Neo-authoritarian feminism: Theorizing The Syrian Government’s co-optation of feminist Discourse

By Katty Alhayek
Submitted to Session P5019 (Protest, Repression, and Cooptation Before and After the Arab Uprisings, 2017 Annual Meeting
Media Arts
Syria;
Gender/Women's Studies;
LCD Projector with Audio Patch or Speakers;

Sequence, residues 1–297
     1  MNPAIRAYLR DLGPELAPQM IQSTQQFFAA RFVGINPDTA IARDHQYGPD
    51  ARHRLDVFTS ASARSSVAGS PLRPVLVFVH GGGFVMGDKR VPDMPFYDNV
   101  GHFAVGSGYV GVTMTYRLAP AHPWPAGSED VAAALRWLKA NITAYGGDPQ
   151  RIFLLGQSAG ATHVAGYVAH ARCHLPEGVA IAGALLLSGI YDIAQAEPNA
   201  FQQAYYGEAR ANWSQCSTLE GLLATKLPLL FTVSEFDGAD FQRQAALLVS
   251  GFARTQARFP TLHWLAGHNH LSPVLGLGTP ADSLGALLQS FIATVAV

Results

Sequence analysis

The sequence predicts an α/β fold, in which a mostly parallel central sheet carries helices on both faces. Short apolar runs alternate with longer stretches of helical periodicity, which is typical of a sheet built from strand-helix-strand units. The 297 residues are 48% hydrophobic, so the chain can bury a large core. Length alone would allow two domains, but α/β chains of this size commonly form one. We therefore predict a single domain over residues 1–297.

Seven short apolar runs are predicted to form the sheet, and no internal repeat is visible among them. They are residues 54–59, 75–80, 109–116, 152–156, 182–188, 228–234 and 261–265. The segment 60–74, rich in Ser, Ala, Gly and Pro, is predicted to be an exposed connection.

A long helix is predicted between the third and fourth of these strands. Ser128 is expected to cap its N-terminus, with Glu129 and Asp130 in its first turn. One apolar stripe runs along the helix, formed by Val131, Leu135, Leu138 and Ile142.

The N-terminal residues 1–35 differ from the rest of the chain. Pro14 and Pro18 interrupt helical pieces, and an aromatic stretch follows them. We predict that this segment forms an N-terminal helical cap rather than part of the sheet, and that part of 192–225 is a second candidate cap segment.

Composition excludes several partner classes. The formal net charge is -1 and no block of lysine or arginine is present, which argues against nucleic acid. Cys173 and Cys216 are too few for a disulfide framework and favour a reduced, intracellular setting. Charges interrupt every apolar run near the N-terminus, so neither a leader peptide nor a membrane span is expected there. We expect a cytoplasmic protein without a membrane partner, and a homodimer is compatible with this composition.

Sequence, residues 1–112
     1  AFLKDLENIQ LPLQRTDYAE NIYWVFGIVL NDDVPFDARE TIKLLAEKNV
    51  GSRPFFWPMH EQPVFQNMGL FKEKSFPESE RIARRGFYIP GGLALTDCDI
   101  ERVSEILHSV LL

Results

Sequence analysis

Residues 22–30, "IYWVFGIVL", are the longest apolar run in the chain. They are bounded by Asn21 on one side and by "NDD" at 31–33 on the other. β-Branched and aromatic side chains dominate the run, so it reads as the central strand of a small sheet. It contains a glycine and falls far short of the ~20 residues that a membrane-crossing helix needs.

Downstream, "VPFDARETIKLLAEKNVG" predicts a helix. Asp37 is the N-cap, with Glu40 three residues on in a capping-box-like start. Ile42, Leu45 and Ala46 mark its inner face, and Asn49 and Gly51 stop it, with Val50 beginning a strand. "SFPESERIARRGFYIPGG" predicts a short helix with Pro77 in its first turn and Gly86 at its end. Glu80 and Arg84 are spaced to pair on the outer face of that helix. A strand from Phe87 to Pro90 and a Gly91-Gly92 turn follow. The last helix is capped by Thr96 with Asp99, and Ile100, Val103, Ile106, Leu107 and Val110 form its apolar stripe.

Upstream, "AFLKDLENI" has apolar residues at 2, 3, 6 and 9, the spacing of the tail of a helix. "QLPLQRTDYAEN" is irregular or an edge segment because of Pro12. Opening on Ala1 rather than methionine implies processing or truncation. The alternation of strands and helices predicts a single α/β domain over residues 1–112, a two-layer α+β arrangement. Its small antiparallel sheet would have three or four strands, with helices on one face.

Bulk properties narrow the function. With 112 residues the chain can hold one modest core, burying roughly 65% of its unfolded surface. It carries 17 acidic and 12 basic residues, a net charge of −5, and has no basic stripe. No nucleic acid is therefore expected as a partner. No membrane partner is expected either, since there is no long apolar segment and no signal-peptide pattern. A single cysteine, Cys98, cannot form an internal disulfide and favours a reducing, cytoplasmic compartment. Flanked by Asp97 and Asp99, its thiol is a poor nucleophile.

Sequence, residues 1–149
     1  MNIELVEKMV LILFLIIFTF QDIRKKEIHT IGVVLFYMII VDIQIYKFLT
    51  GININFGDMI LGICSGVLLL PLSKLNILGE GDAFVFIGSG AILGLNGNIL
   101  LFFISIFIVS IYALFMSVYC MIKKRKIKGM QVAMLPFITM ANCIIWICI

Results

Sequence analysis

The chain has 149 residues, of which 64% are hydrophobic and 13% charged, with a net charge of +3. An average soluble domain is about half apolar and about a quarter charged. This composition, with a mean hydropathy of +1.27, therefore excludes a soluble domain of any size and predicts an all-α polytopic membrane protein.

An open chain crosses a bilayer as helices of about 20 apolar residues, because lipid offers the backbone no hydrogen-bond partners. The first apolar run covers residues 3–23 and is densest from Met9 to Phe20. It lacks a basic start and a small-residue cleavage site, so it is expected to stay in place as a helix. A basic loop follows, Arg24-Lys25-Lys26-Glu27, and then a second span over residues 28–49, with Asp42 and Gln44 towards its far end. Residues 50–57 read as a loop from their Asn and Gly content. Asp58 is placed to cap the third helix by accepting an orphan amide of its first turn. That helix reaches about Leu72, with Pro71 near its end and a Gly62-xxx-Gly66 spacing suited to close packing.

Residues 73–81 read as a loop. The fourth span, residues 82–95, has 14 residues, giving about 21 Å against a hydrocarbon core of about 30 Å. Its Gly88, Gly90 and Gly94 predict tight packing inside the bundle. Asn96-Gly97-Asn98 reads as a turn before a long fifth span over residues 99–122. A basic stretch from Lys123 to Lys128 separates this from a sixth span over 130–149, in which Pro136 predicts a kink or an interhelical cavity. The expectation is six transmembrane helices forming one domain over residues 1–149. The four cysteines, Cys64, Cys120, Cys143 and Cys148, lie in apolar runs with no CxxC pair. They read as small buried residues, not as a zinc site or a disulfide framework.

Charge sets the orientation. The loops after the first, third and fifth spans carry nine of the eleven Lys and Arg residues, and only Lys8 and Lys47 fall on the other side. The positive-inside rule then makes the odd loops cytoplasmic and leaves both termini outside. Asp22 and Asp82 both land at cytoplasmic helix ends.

Building on the work of postcolonial and transnational feminist scholars including Lila Abu-Lughod, Gargi Bhattacharyya, Nicola Pratt, and Edith Szanto, I argue that the US and UK’s cooptation of de-historicized feminist discourses to justify the “war on terror”—and specifically the invasions of Afghanistan and Iraq—set a pattern now being followed by the Syrian government which is representing the al-Assad regime’s actions in the current conflict in Syria as saving Syrian women from terrorism. These neo-authoritarian “feminist” cultural appeals are being used to construct a Manichean image of the Syrian government’s war against the opposition, and to occlude historical knowledge essential to understanding the complex reality of the conflict, and the actual interests of women caught up in the war. I illustrate this case by means of interpretive textual analysis of online primary data consisting of official interviews, appearances, and state conferences of high profile women officials from the Syrian government. Like how Condoleezza Rice and Laura Bush were the cultural symbols of the US’s and the UK’s war on terror, I show the ways in which Asma al-Assad’s image is constructed as the cultural symbol of Syrian government’s war against the opposition. Beyond this specific case, I claim that what I have called neo-authoritarian feminism is distinct from traditional state feminism, emerging with the war on terror over the past 16 years. The construction of neo-authoritarian feminism, as represented by the Syrian case, is shaped by the interactions between local and international oppressive policies in which both Western “racial states” and Middle Eastern authoritarian states learn from each other what are the most effective repressive measures to employ against whom they perceive as the “other.”